Sherry Lynn Vertoch, age 64, was arrested for posing as an agent of the Internal Revenue Service in order to gain free housing at a California hotel. Since her arrest in January, Vertoch has pleaded guilty to impersonating a federal agent and, if convicted, could spend up to three years in prison.
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Vertoch told the owners of the Inn Marin in Novato that she was on special assignment for the IRS. The tax agency, she said, would pay her bill when her assignment was complete. When the tab reached $55,175 the owners of the family business contacted the IRS to ask for payment. That’s when they learned Vertoch was a fraud.
One day after Vertoch entered her guilty plea, the owners of the hotel filed a lawsuit against her to recover some of the money. Even if they win the case, the ability of the hotel owners to collect is uncertain.
"In the event she doesn't have any assets, we'll at least have a judgment against her so that if she comes into any money in the next 10 years ... we would have a secured place in attaching those assets due to the judgment,” Matthew Pavone, attorney for the hotel, told reporters.
"There's also of course the possibility, if she has some assets now, we can get restitution through the criminal case, but Inn Marin wanted to protect its interests on as many fronts as possible and thought it made sense to have a civil action pending as well," Pavone said.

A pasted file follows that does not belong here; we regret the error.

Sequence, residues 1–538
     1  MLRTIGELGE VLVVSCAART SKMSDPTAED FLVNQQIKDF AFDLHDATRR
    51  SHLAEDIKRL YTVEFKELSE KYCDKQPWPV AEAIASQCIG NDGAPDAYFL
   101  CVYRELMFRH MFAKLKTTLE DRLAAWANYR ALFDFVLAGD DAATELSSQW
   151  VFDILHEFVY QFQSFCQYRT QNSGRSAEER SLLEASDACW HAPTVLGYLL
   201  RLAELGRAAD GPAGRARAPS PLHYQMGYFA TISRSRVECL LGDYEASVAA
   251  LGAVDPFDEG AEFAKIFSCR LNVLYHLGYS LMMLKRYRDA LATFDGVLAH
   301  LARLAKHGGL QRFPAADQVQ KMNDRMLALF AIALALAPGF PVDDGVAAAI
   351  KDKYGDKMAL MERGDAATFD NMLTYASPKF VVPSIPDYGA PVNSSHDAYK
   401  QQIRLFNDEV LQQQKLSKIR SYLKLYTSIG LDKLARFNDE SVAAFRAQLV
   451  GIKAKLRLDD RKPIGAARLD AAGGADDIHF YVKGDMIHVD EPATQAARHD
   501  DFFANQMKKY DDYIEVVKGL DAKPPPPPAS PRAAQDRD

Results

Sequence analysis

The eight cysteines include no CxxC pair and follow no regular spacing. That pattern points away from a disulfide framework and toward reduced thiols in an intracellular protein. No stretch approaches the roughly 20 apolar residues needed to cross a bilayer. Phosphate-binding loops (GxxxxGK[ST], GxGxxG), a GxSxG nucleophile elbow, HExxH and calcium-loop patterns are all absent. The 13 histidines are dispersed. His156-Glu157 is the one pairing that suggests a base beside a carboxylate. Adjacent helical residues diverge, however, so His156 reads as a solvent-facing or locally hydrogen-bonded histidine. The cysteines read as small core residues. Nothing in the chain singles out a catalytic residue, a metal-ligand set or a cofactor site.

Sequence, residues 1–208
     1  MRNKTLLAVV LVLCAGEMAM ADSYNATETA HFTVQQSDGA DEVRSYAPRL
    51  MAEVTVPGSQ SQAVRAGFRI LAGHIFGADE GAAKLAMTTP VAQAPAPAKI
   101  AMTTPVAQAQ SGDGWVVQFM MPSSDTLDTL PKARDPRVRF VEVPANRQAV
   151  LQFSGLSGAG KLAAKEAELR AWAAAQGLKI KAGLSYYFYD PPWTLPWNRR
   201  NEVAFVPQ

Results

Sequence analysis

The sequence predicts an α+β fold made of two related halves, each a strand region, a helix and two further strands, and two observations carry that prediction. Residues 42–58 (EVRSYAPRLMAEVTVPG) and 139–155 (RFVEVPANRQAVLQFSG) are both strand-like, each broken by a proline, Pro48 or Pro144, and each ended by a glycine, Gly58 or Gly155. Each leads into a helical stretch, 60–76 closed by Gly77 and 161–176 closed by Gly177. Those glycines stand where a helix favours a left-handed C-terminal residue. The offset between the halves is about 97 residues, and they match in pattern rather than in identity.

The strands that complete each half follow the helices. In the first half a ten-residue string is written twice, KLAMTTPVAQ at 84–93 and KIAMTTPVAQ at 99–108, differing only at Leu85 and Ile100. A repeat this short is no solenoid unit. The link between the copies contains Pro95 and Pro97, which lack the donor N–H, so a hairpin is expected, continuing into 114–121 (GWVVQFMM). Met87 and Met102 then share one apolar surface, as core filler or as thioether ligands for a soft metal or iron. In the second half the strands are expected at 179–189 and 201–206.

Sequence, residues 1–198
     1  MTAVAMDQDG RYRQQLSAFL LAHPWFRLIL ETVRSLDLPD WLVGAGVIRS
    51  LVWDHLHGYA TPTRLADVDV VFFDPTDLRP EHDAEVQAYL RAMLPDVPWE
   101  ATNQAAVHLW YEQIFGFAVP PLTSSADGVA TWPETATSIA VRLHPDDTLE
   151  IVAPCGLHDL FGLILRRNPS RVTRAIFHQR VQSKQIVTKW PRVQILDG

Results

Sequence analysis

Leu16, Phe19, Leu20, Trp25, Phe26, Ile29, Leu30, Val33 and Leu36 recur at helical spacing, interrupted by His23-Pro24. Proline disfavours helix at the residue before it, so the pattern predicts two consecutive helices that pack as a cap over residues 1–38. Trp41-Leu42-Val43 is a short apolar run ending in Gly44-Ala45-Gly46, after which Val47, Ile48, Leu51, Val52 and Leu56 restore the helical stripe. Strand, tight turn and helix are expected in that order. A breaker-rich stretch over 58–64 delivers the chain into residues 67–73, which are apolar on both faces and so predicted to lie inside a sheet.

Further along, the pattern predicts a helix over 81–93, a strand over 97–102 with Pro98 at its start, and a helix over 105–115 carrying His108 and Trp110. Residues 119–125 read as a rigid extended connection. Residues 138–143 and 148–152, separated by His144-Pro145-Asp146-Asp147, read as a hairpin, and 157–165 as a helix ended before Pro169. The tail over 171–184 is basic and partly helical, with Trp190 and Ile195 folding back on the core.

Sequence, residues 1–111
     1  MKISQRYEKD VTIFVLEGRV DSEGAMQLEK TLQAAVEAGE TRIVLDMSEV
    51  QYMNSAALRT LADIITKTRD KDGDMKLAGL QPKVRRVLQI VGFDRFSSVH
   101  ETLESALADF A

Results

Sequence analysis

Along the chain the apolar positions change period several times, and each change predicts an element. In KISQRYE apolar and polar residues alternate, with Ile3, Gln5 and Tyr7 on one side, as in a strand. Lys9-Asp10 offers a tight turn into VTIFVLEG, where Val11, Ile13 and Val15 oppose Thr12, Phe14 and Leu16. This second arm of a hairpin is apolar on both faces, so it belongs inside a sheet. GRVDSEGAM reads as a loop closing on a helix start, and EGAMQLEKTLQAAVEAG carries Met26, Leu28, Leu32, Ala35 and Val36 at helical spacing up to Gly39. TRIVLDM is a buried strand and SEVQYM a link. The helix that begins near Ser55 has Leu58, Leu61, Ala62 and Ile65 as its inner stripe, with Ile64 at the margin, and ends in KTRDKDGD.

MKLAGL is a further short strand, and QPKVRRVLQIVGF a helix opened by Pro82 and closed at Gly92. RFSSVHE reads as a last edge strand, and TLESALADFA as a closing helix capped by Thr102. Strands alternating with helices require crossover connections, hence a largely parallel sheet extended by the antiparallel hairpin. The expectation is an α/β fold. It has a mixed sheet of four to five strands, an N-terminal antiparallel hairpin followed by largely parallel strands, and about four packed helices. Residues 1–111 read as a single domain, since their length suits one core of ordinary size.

Vertoch will appear in U.S. District Court in San Francisco for sentencing on April 20.
Sacramento, CA-based accountant and local celebrity William Murray last December admitted to bilking 52 clients and 13 others out of millions of dollars. Last week, he pleaded guilty and now awaits sentencing.
Some of Murray’s victims believed they were investing in a venture called United Financial Services. He told others that they owed huge, but uncertain, sums to the IRS or the California Franchise Tax Board. Those clients gave him "good faith payments,” which they believed he sent to the tax authorities. Instead, the money was deposited into Murray’s own trust account.
Murray set up an elaborate Ponzi scheme using client money to finance a lavish lifestyle, while client tax liabilities went unpaid. The scheme included changing client addresses to his own so that IRS notices went to him and not to the clients. As demands for payment came in, he used other client money to satisfy the debts. After an investigation, Murray admitted to the fraudulent activity.
On March 9, he appeared in a Sacramento court to plead guilty. His plea deal includes restitution to his victims, forfeiture of property, and full disclosure of his financial affairs.
Murray will appear in court again on May 28 for sentencing, and faces up to 23 years in prison. He could get a reduced sentence based on "acceptance of responsibility," a possibility which has many of his victims outraged.
Murray was a certified public accountant, a local celebrity who gave financial advice on TV, and a former IRS agent who said he left the agency because he thought taxpayers were treated badly.